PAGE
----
This piece is meant to call people of our polytheist, Pagan traditions who are parents to do their job as parents and raise their children. It is a call to all Pagans, polytheists, animists, and so on, to be good role models. It is a call for us all to show the upcoming generations, not just talk about or suggest, how to engage well with their Gods, Ancestors, and spirits. To be living examples, passing on wisdom rather than hiding it or not passing it on. To teach and model respect for our Elders, traditions, beliefs, views, Gods, Ancestors, and spirits. To teach reverence for all we hold dear, and to show all the ways we can engage with the Holy Powers. To build and maintain living traditions that aid in all of this.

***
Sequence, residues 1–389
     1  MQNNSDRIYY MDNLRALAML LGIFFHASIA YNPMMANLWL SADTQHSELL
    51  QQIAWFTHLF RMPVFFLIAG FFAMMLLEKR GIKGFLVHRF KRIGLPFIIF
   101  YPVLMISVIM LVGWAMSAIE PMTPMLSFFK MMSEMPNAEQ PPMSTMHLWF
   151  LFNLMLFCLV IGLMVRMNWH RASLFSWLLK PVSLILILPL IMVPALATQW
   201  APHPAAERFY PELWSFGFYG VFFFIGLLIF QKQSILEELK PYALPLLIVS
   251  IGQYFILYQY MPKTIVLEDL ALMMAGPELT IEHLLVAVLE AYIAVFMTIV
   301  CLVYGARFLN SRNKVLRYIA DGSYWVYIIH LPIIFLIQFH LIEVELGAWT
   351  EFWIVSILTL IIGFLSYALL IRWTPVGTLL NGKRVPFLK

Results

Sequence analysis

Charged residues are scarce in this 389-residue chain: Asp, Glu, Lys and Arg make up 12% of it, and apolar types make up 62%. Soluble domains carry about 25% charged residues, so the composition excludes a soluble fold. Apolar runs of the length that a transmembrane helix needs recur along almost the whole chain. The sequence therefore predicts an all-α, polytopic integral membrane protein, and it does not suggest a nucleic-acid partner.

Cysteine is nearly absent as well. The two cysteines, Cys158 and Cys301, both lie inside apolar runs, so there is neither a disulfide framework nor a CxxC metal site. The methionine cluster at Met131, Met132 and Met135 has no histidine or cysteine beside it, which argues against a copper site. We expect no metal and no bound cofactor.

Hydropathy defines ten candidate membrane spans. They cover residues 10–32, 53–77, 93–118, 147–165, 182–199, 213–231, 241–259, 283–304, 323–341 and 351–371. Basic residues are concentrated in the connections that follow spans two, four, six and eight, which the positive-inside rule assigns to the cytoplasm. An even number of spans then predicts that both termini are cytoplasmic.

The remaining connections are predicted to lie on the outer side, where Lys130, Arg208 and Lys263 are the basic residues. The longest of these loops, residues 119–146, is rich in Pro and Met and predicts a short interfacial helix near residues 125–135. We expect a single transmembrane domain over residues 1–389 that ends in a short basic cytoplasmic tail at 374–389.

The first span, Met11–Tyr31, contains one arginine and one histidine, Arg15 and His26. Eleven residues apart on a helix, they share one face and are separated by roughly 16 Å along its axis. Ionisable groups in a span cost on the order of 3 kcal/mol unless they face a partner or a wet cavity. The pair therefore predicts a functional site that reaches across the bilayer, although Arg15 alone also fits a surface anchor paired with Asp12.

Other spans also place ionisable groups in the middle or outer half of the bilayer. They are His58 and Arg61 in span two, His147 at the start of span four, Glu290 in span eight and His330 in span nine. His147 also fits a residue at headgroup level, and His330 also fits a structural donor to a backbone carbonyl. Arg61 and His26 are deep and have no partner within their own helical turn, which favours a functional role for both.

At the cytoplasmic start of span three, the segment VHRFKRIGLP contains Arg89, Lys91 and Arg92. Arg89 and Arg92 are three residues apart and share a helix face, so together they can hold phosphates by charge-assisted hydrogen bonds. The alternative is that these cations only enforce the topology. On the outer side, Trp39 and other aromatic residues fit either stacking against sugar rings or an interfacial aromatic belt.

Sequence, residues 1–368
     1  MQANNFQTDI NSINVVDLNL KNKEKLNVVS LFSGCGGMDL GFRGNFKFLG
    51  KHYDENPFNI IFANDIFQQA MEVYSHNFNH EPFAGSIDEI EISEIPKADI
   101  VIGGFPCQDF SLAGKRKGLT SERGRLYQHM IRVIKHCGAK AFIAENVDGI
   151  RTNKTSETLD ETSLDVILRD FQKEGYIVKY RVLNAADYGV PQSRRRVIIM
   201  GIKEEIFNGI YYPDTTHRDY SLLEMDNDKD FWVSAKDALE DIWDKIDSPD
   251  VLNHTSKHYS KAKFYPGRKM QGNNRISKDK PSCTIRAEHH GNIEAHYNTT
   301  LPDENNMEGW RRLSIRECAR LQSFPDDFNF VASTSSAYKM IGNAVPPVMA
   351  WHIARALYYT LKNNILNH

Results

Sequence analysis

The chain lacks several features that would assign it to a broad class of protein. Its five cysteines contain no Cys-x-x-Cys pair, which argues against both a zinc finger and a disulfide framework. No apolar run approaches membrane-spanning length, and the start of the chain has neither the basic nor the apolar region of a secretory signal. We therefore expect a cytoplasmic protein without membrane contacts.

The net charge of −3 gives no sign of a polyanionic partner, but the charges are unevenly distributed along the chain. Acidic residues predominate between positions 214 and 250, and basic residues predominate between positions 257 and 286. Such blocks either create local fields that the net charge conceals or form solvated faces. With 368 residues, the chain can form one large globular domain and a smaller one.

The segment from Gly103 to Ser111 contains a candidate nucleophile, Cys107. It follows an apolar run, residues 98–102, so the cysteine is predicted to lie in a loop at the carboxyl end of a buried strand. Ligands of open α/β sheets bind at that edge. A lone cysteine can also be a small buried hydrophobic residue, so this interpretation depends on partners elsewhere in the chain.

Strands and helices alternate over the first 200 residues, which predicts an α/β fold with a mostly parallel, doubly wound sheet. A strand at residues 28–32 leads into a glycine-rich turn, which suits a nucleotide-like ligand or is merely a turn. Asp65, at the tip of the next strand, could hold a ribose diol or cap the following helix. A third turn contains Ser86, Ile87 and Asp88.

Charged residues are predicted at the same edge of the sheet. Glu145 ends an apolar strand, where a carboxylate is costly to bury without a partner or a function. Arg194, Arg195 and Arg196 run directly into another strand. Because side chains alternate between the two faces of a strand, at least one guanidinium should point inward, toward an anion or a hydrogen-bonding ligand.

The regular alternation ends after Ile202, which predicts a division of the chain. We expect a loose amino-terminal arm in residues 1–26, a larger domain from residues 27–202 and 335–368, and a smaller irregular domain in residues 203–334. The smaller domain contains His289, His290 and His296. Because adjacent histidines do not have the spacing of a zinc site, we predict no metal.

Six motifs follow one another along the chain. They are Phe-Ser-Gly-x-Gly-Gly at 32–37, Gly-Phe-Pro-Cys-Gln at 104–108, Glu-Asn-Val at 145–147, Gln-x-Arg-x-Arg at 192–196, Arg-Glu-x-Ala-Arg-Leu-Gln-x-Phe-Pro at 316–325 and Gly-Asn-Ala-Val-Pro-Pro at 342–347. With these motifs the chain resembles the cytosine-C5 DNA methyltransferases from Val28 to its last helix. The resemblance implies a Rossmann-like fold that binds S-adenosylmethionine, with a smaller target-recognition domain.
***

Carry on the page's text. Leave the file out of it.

How many of us came to our path(s) and hoped and wished for a good teacher? Why would we deny the next generation our collected knowledge and gnosis, experience, wisdom, trials and triumphs? In what other arena would one generation demand that the next reinvent the wheel rather than learn from it and improve upon it?

We have the opportunity to build a solid foundation for polytheists and polytheism. We have the ability to give the upcoming generation a chance many of us never had: to grow up in a place where worshiping our Gods, Ancestors, and spirits is not only accepted, but seen as a good. To grow in the wisdom of our Elders, to grow well in our relationships with our Gods from a young age, and to develop these from a foundation clear of the trials Pagan converts have. Let us build that foundation, with care and determination, and let those who come after build upon it.